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Optimise the solubility and availability of phosphorus in your soil

Phosphorus is an essential and irreplaceable chemical element for all living things. In today's agriculture it is of vital importance to maintain high yields in farming systems. It must be absorbed by plants from the soil, where it is found in a very low concentration in soluble form, typically at levels ranging from 5 to 30 mg kg-1. These low rates of the nutrient are due to the fact that soluble phosphorus reacts with ions such as calcium, iron or aluminium, which cause its precipitation or fixation, reducing its availability for plants (Rodríguez et al., 1999). Inorganic phosphates applied as chemical fertilisers are also immobilised in the soil and as a consequence are not soluble enough to be used by crops.   Fertilisation based on beneficial microorganisms, biofertilisers and biostimulants are a promising alternative to solve this problem. This technology is based on preparations of specific microorganisms that improve soil health and, therefore, plant development in multiple ways: facilitating access to nutrients, fixing atmospheric nitrogen, improving water absorption or acting as biological control agents. In addition, they fulfil the shortcomings of conventional fertilisers: they are biodegradable, renewable, non-toxic to auxiliary flora and fauna and do not generate waste. Microbial inoculants can improve the efficiency of plants to uptake phosphorus and nitrogen. And consequently reduce fertilisation costs and increase yields. Microorganisms carry out the processes of solubilisation, mineralisation and immobilisation. The main microbiological mechanism by which phosphate compounds are mobilised is the lowering of the pH of the medium by the release of organic acids (Alexander, 1980). This property is characteristic of gram-negative bacteria, including Pseudomonas (Fernández et al., 2005).   In nature, microorganisms co-exist in complex communities, which are known as the rhizosphere microbiome. Co-culture, also called mixed culture of different strains, has been shown to be effective in increasing the production of secondary metabolites (Ochi, 2017).  In in vitro tests, it is observed that the production of the solubilisation halo (yellow) after 72 hours is higher in the plates in cross co-culture versus individual growth of each of the strains Phosphate solubilisation test with the bacteria belonging to Bacnifos over time. The solubilisation of organic phosphorus is a process driven by enzymes, including phosphatases, which participate in the dephosphorylation of phosphodiester groups attached to organic matter, and phytases, which catalyse the hydrolysis process of phytic acid, sequentially releasing up to six free orthophosphate groups. Enzyme activity is frequently used as an indicator of soil microbial activity (Fernández et al., 2015). The selection of microorganisms with a high capacity to solubilise phosphorus and their testing under field conditions is a fundamental step to obtain a highly effective product.  In field trials on onion crops, with a 30% reduction in phosphate fertilisation, crop productivity increases of 7.6% and 22.9% with complete fertilisation, compared to the control with total fertilisation, were achieved. In terms of benefits for the farmer, taking into account the average productivity of onions obtained and the average price per kg of onion, it would mean about 300 є/ha (with reduction of phosphate fertiliser) and 900 є/ha with total fertilisation.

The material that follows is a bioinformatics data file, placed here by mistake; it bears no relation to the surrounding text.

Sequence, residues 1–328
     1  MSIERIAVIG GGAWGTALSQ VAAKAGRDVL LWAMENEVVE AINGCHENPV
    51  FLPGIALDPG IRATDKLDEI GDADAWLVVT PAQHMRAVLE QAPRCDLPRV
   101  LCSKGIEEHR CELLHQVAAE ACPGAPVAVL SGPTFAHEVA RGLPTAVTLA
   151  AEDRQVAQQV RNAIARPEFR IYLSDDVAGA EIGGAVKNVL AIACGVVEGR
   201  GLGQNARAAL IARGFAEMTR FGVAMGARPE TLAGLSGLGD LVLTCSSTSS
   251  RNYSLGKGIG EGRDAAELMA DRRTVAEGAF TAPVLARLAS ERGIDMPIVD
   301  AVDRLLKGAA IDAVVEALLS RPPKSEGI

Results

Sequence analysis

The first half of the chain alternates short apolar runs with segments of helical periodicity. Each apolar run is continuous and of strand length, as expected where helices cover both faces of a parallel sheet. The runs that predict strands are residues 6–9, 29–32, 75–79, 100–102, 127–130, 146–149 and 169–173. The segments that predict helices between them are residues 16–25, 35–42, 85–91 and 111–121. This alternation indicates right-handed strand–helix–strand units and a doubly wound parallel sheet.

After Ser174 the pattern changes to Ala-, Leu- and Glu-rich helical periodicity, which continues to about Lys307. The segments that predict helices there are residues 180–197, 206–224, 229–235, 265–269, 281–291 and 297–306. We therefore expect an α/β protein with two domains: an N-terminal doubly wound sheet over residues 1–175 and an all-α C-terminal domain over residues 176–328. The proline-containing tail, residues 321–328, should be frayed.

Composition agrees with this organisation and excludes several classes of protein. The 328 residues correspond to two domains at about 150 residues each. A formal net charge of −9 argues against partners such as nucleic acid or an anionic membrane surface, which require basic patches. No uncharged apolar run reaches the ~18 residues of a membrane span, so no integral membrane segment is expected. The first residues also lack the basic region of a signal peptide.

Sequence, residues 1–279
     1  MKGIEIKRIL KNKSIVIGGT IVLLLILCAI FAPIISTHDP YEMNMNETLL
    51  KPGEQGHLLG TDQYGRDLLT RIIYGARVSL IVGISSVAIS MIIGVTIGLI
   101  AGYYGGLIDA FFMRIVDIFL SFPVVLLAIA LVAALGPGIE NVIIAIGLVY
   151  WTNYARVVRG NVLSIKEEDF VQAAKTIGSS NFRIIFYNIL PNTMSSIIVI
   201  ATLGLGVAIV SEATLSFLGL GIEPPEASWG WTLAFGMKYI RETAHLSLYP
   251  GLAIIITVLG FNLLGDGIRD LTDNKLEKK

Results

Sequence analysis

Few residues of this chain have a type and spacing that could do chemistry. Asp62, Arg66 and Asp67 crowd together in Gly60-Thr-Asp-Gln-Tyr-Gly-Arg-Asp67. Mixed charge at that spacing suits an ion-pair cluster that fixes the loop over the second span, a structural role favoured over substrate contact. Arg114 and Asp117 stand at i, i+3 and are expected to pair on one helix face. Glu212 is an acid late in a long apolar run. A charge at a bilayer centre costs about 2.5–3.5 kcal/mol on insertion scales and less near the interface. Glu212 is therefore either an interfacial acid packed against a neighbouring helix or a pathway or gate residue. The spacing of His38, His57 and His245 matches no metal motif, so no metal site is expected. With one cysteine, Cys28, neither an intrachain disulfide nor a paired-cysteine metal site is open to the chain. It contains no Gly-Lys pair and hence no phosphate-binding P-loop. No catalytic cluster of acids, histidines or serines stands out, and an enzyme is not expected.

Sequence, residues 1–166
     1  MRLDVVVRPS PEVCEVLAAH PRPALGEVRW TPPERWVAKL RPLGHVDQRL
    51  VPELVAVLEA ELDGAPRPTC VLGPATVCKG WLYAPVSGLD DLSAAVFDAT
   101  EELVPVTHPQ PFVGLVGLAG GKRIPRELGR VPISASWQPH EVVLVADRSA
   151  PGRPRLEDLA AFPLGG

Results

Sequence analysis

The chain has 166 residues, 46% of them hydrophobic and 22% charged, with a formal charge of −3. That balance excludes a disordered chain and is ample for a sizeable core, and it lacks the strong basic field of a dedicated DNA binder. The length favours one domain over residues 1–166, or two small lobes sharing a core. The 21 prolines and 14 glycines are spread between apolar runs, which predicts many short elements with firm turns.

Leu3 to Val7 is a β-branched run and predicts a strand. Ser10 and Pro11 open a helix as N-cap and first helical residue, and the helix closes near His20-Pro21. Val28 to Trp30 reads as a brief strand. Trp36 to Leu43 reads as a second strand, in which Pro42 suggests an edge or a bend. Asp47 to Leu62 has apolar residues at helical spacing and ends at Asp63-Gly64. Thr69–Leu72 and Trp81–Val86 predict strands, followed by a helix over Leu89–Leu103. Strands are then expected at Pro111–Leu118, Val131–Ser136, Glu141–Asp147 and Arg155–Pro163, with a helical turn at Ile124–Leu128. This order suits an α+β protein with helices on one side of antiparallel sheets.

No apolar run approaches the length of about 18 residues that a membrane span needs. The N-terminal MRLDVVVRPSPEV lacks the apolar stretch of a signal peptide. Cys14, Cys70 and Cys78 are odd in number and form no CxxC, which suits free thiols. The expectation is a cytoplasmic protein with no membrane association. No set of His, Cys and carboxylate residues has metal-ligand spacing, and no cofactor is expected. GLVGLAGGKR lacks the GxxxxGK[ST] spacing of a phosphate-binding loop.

• Rodríguez, H & R Fraga. (1999). Phosphate solubilizing bacteria and their role in plant growth promotion. Biotech. Adv. 17:319-339
  • Fernández, L. A., Zalba, P., Gómez, M. A., & Sagardoy, M. A. (2005). Bacterias solubilizadoras de fosfato inorgánico aisladas de suelos de la región sojera. Ciencia del suelo, 23(1), 31-37.
  • Alexander M. (1980). “Introducción a la Microbiología del Suelo”. AGT Editores, México pp. 234-362.
  • Ochi, K. (2017). Insights into microbial cryptic gene activation and strain improvement: principle, application and technical aspects. The Journal of antibiotics, 70(1), 25-40.

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